How does reimbursement work?

Our consultation costs 40 dollars. We receive a portion of that. When you look at overhead and those kinds of things, what you don’t have to put in means that’s as good as private practice. You don’t have the overhead. What you’d have in overhead is taken care of and what you get for each consultation, we get paid a fee for service based on how many we do. I get a direct deposit, twice a month, based on the number of consultations I have done. There is no waiting for co-pays.

How does it work with the EMR? Are all Teladoc doctors on one EMR? Where do you coordinate care with the person’s primary?

We have a default, which they have to uncheck, that sends their information to their primary care physician (PCP). Our goal is to bridge them back to the primary care physician. We are not their primary care physician. We monitor to make sure the PCP gets a copy of what we do and to see if the patient is using [our service] too often. We’ll red flag that. We want PCP to be number one and I tell patients all the time, their best care will be a physical exam and sitting in front of the primary care physician. If they’re not available, accessible, or affordable, our service can help bridge that.

The EMR is straightforward and uniform. It takes you screen by screen that flows from the chief complaint, to the symptoms given, to the SOAP (subjective, objective, assessment, and plan) notes, to the diagnosis, to the treatment, and recommendations, which you can email, and then finally you have the follow-up. The visit takes about six to 10 minutes.

What have been some surprises as you’ve gone down this journey?

The most pleasant surprise for, like I said, is the direct aspect of it. You are talking with the patient. You’re not punching buttons to see if you get meaningful use out of this visit. You actually recognize the note that you typed in rather than templates galore during the office visit, where you don’t recognize what you’ve done. In my private practice, when I had a patient come in that needed follow up in the EMR, I literally would look at my note and wonder why they are here. I’d wonder why they were there following up with me. I’d look for a cheat note somewhere why I was following up. They were nice and neat and clean but it got you away from patient care. This is so simple it keeps you focused on the patient.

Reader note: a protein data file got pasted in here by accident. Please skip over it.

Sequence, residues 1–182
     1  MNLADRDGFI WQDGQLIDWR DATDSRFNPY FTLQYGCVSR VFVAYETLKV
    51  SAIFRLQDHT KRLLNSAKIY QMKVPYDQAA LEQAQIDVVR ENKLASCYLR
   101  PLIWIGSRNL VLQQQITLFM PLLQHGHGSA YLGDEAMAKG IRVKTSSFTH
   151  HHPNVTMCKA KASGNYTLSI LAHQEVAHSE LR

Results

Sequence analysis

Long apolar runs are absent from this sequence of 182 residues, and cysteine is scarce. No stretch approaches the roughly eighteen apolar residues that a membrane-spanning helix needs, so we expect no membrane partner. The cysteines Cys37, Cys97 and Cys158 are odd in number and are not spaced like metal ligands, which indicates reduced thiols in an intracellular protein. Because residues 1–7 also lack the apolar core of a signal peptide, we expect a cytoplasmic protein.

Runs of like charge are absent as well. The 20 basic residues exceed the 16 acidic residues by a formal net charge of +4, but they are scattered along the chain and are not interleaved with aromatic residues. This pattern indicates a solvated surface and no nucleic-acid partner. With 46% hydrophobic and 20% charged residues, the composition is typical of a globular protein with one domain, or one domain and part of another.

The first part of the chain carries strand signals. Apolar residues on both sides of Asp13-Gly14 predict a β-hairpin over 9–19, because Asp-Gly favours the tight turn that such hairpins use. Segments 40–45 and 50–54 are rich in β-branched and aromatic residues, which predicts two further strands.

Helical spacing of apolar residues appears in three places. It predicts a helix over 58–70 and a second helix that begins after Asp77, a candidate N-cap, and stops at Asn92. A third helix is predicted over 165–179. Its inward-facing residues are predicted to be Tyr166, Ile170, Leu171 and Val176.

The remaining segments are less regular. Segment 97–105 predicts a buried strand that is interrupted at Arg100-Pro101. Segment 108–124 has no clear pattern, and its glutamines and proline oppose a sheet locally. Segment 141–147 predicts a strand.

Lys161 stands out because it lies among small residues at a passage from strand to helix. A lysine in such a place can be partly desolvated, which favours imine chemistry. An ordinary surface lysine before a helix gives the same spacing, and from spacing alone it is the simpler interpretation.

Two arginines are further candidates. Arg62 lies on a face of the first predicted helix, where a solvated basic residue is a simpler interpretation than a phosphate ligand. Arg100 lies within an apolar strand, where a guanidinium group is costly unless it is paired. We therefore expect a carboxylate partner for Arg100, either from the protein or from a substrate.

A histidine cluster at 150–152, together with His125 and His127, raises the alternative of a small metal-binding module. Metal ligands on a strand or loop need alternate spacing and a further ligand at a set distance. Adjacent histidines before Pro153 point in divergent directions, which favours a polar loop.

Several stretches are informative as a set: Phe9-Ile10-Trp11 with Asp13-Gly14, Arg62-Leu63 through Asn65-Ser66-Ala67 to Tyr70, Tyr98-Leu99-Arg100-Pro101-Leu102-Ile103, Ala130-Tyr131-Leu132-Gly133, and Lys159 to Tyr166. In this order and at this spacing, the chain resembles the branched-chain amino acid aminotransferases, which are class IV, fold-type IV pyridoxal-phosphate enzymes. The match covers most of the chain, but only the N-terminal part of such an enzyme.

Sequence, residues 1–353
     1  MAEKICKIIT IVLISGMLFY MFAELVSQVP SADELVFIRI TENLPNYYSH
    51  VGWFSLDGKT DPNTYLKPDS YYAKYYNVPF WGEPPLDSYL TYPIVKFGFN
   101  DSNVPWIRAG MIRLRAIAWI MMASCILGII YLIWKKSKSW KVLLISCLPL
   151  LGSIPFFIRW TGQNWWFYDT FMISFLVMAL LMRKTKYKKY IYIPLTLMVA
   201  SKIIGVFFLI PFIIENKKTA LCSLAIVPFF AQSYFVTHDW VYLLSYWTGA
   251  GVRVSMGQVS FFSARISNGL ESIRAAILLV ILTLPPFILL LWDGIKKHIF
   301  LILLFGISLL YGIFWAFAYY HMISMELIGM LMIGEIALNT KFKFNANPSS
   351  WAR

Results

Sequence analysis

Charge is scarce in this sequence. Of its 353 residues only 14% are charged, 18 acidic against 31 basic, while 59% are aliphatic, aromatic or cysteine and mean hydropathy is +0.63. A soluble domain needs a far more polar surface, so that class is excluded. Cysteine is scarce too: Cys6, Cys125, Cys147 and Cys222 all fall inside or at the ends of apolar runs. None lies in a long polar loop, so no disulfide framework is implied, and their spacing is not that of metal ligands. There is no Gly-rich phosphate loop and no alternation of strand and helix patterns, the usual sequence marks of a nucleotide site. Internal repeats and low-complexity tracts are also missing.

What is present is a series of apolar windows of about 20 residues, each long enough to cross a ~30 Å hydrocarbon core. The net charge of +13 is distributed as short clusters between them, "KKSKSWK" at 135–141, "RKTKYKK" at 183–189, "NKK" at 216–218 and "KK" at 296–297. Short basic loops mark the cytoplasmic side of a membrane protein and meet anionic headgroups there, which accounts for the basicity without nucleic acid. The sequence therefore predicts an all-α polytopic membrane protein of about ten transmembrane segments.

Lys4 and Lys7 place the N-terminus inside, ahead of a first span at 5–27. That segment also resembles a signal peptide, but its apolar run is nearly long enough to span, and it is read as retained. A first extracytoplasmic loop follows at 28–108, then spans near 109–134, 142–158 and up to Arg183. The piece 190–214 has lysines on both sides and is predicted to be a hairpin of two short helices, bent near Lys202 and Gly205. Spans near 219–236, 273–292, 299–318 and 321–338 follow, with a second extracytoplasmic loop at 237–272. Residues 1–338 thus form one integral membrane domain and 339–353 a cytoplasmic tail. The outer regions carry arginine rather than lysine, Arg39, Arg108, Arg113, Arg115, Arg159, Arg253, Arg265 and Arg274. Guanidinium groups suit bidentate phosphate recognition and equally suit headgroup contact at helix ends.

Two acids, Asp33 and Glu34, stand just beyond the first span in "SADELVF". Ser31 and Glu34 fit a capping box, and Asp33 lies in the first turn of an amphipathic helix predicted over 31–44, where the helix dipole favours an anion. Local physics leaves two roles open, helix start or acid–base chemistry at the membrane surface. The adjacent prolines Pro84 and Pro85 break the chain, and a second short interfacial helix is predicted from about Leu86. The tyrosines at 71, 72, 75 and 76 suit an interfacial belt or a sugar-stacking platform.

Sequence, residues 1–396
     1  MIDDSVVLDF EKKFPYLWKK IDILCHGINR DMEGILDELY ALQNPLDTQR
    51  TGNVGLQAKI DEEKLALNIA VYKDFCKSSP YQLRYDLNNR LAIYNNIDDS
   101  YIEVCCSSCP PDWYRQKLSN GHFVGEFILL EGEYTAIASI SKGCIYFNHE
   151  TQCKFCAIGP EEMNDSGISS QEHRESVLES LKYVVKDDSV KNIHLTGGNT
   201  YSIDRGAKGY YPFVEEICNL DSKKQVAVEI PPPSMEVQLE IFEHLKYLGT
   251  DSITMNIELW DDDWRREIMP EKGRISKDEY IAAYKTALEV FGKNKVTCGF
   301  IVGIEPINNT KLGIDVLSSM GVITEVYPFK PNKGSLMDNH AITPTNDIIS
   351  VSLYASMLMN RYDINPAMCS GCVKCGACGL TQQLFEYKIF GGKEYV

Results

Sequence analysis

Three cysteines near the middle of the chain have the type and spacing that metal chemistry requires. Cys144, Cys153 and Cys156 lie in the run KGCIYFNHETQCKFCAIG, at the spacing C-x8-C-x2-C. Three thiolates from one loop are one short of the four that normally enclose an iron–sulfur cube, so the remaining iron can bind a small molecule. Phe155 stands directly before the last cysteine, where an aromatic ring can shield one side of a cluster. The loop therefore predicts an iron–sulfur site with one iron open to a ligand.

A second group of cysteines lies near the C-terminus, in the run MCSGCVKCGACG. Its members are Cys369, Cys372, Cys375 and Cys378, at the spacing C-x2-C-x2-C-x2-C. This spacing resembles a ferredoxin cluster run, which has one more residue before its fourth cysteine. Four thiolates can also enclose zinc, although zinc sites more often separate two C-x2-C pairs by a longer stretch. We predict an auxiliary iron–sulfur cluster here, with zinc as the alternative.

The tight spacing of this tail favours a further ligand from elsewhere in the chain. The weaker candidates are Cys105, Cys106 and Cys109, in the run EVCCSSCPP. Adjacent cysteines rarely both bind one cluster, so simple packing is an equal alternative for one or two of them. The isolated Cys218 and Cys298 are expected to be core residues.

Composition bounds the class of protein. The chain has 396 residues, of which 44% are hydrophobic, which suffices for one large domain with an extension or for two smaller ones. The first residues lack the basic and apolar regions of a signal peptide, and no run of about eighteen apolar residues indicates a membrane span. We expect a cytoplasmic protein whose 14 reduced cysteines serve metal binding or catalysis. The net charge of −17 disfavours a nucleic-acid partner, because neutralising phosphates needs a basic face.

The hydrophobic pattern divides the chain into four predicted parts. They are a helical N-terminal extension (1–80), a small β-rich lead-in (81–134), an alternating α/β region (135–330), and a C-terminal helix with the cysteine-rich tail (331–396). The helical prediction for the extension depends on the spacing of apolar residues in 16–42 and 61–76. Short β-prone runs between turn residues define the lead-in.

Also, reimbursement was a surprise. You don’t have to haggle, or hire full time staff to haggle with insurance companies on how we’re going to get paid. I get a direct deposit twice a month. It’s simple.

What have been some challenges?

The biggest challenge is putting a boundary around a bounder less enterprise. It can eat you alive. I had to force myself to take a day off. Honor the Sabbath. I purposely don’t do consults one day per week so I can refresh and be ready for the next week. As in anything, you can get burned out real quickly.

How much do you average per day?

Right now, because of cold and flu season, it’s 40-plus per day. Just in talking to you, I’ve seen 15 in the queue ready to take care of. In a non flu season, it’s 25-30 per day.

What will it take for telehealth to get fully integrated into mainstream healthcare and not just used as a niche?

I think it’s time. I’ll give you an example, I’m privileged to serve on the admissions committee of the medical school I attended over the last 18 years, and of course I’m partial towards family practice, having watched over that time frame, no more students going to residency in family practice than there was when I started. It’s six percent. Take that number and that’s your denominator, take the numerator and add it with the ACA, and hundreds of thousands of new patients are coming into the picture. You can send them to urgent care or the emergency room, which is not cost efficient. You can send them to midlevel providers, nurse practitioners and physician assistants. Quite honestly, they do a very good job in well care but part of our training is knowing what to do when someone is really sick, as a rule they are not trained in that. If we really want to keep medicine excellent as far as quality we give patients, this has got to become mainstream because there is so much room for patient care outside of the traditional office.